It looks like there is yet another link in the chain of corruption and/or incompetence that led to the subprime crisis. As time goes on and information about the crisis reveals itself, it seems that every link in the financial chain featured people afflicted with an adversity toward doing the right thing.
Who is it this time?
The FT also reported that it possessed internal documents that showed the rating agency was aware of the glitch in early 2007, yet still maintained the AAA rating until early 2008, when market turmoil in the debt markets led to downgrades. This suggests that there could have been an attempt at a cover-up.
The besieged debt rating agency announced Wednesday that it has hired the law firm of Sullivan and Cromwell to conduct a "thorough external review" of the ratings process it used. I'm sure Moody's is anxious to get to the bottom of it.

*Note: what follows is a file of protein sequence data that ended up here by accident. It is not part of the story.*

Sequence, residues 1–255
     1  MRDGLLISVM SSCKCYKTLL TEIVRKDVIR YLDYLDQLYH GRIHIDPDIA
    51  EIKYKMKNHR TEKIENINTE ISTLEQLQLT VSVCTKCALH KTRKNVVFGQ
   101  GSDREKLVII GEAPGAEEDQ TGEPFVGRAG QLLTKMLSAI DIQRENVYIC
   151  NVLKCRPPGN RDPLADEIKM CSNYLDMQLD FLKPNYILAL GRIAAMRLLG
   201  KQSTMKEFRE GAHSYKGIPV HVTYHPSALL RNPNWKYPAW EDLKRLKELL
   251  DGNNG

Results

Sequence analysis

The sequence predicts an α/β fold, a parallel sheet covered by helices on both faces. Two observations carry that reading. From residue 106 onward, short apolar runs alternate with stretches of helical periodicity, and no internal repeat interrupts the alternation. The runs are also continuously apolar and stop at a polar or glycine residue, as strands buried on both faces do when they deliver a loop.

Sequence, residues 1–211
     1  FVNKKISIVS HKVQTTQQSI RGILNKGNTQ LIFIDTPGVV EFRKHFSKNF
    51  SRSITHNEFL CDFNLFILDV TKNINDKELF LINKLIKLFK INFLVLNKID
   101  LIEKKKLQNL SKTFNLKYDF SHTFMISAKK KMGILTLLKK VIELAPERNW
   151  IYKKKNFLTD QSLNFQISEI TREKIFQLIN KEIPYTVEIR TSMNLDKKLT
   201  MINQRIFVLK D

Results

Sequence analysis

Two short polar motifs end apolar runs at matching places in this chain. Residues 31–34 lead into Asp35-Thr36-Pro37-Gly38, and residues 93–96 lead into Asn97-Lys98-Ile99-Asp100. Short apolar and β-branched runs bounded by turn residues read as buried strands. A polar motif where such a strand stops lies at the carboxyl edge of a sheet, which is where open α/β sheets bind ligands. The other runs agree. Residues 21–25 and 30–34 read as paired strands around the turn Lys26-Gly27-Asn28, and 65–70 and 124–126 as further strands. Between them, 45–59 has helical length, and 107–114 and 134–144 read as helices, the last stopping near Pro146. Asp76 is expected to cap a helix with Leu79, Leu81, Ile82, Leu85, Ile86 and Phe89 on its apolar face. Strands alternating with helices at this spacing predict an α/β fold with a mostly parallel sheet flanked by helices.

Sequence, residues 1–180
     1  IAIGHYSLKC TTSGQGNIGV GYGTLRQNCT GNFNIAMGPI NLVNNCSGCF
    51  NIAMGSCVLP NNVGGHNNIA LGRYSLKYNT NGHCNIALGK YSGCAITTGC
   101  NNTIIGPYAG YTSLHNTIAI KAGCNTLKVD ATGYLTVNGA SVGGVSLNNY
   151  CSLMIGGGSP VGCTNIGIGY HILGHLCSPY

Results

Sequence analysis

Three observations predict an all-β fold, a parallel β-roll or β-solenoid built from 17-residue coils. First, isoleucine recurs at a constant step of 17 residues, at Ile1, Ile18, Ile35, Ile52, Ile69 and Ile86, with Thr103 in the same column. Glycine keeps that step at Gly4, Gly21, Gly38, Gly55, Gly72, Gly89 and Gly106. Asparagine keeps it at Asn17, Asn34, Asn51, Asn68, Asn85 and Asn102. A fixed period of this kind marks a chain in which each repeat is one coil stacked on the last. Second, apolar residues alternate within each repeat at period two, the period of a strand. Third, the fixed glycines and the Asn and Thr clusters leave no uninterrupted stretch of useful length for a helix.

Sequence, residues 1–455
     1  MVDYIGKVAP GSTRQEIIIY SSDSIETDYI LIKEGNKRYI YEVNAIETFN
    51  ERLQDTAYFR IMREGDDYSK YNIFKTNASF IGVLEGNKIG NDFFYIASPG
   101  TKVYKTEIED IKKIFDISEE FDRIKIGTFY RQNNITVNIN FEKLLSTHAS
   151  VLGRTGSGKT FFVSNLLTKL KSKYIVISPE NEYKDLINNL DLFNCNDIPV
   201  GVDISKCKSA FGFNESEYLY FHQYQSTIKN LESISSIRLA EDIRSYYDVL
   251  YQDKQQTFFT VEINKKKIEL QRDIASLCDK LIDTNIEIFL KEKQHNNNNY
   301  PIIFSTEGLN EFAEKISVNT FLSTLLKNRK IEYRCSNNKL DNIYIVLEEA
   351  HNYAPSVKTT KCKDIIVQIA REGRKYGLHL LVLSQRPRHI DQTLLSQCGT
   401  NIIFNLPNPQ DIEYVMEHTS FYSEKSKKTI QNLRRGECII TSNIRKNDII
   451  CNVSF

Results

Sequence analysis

What's the damage?
The major rating agencies -- Moody's, McGraw-Hill's (NYSE: MHP) Standard & Poor's, and Fitch -- have already been sharply criticized for incorrectly rating subprime mortgage debt. This latest fiasco just confirms the most cynical suspicions. Moody's looks either corrupt or incompetent.
The fallout from this for Moody's shareholders has not been pretty. The stock has already plummeted more than 50% from its 52-week high and some 20% since this story broke.
The issue with a computer glitch and, worse, possible confirmation of many people's suspicions, can only harm investor's confidence in the company's integrity. That integrity is the company's sole stock in trade. Without it, the firm could find it difficult to even survive.